In the Philippines, the answer is blowing in the wind

Nordic green tech

In the Philippines, the answer is blowing in the wind

Who can answer the question of how to provide sustainable energy and green technology to tackle our present challenges? No one really knows, but the Nordic countries take four out of the top ten spots on the list of most innovative cleantech countries in the world. Besides political and economic incentives, this might come from a profound respect for the forces of nature and the need for working with, instead of against these forces.

Traced by:
Tom Knappskog

The Nordic countries have a tradition of using water, sun and wind energy for sustainable management of the environment, and this tradition constantly leads to new innovations. For instance when the wind turbine maker, Vestas introduces new turbines that are able to operate during typhoons and tropical storms in Philippines.

Four Nordic countries are among the top 10 on Cleantech Group and WWF’s ranking of the most innovative cleantech countries. Drawing from 15 indicators, the 2017 Global Cleantech Innovation Index evaluated 40 countries based on an average between inputs to cleantech innovation and outputs of cleantech innovation.

A little more info

  • Countries ranked on the Global Cleantech Innovation Index. read more
  • Country profiles on the Global Cleantech Innovation Index. read more
  • The Nordic countries on the top 10 of Cleantech Group and WWF’s ranking of the most innovative clean-tech countries:
  1. Denmark
    Denmark scores above the mean for all metrics, but is especially strong in commercialised cleantech. The country is the top performer for the amount raised by cleantech funds and the number of cleantech organisations, making Denmark the top performer for cleantech-specific drivers.​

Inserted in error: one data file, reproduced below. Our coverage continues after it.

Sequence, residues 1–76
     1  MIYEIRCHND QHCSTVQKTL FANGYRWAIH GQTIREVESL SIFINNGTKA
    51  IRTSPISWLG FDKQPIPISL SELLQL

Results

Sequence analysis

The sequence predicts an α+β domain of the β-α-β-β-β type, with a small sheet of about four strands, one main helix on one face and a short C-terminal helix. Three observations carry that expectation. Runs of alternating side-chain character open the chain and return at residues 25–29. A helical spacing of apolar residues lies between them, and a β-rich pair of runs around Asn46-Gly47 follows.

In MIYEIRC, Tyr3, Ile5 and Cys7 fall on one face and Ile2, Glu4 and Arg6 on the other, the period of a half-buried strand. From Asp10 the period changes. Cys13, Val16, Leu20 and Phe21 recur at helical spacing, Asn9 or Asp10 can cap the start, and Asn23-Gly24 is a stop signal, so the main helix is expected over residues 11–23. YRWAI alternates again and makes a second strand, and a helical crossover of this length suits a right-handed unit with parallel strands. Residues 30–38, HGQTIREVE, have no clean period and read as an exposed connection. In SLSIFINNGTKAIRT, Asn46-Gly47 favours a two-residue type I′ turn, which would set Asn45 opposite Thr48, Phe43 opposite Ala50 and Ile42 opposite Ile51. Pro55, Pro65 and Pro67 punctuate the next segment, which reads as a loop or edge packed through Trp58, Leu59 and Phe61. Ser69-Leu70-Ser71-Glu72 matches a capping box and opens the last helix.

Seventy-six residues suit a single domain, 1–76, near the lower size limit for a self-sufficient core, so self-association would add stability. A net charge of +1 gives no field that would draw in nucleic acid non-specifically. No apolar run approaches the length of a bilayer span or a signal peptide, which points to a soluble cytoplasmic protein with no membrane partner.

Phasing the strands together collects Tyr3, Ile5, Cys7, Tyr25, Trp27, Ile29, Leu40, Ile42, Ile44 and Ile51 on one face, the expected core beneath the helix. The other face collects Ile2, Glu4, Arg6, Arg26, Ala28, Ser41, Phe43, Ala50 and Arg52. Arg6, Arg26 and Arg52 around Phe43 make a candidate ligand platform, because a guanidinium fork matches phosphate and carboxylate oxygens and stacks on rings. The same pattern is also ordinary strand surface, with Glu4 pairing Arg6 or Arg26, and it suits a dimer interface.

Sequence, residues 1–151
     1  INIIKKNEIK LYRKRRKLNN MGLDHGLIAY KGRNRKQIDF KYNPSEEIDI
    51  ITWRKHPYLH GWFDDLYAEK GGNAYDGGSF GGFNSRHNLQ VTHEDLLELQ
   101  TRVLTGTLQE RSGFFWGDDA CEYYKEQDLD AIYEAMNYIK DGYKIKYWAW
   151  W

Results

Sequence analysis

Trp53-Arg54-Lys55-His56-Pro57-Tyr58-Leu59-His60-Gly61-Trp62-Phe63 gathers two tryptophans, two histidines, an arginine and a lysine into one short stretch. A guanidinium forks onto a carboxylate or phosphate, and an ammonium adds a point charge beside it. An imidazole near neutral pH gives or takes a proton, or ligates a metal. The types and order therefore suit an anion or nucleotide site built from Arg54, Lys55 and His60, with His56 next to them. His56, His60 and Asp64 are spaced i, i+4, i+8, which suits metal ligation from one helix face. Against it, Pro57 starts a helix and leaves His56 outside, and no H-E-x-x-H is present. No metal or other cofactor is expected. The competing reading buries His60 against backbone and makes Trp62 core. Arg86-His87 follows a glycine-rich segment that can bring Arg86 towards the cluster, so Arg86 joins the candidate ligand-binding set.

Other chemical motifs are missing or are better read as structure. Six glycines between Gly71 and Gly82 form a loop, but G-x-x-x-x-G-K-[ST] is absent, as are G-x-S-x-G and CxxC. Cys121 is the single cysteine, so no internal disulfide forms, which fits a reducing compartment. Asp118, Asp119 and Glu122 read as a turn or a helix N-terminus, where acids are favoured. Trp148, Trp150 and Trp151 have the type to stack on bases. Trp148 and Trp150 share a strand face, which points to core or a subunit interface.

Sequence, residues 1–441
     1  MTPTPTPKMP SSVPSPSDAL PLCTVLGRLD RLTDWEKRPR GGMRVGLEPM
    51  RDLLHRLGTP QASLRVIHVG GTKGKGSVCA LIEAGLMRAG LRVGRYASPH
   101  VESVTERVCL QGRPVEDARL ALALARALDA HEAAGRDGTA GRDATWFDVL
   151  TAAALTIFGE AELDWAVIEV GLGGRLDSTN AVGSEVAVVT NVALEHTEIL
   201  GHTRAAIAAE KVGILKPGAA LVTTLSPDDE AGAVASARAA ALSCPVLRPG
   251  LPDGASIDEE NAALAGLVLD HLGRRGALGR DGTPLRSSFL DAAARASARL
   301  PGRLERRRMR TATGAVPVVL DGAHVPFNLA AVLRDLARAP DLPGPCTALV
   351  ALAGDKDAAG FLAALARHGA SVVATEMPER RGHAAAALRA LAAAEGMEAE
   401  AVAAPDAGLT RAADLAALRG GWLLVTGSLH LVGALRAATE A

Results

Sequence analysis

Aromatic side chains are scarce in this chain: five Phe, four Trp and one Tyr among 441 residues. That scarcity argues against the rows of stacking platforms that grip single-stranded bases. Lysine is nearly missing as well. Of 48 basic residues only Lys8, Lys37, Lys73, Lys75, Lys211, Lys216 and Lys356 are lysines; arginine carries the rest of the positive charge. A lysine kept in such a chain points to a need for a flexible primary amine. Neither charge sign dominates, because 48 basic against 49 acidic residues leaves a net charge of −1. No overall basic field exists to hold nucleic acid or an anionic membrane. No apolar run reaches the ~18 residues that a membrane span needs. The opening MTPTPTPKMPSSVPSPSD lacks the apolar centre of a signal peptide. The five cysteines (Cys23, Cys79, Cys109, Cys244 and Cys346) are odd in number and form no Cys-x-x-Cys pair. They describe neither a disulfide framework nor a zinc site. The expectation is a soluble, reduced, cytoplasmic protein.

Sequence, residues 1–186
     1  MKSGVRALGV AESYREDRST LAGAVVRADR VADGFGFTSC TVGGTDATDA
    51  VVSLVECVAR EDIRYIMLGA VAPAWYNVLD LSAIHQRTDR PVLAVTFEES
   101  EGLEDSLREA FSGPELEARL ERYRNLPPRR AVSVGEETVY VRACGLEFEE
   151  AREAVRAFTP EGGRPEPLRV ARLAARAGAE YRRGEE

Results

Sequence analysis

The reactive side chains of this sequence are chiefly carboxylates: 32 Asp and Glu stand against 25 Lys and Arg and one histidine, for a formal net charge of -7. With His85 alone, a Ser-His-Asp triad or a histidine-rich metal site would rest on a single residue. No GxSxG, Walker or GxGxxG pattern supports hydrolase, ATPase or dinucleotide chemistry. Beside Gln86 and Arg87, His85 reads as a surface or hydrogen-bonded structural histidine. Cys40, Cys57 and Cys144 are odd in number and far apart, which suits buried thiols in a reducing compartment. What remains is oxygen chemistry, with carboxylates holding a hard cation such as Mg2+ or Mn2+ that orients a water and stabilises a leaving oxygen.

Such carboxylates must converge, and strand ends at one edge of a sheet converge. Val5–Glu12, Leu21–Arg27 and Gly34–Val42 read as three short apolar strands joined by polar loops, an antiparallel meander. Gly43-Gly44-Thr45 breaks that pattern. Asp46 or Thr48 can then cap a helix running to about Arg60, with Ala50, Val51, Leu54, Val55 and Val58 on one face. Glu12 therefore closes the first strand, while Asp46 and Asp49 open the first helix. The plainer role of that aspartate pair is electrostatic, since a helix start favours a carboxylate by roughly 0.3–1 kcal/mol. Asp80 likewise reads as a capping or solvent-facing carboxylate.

2. Finland
    Finland takes the 2nd place overall, with strong performances for its cleantech R&D budget and the number of cleantech funds present. Emerging cleantech is Finland’s strong point, with strong performances across all indicators.
  3. Sweden
    Sweden shows a particular strength in its citizens’ perceived entrepreneurial opportunities. Highlights are the high public R&D expenditure in the cleantech sphere, evidence of a cleantech-friendly policy environment, a large number of domestic private cleantech investors, and filing 1.5 times the global average number of cleantech-related patents by GDP.
  4. Norway (9th place)
    Norway performs above the global average in both inputs to and outputs of cleantech innovation, with a particular strength in producing cleantech-specific drivers. Norway’s strength lies in promoting cleantech-specific drivers of innovation, ranking 2nd in this pillar with top performance in public R&D expenditure to the cleantech sector.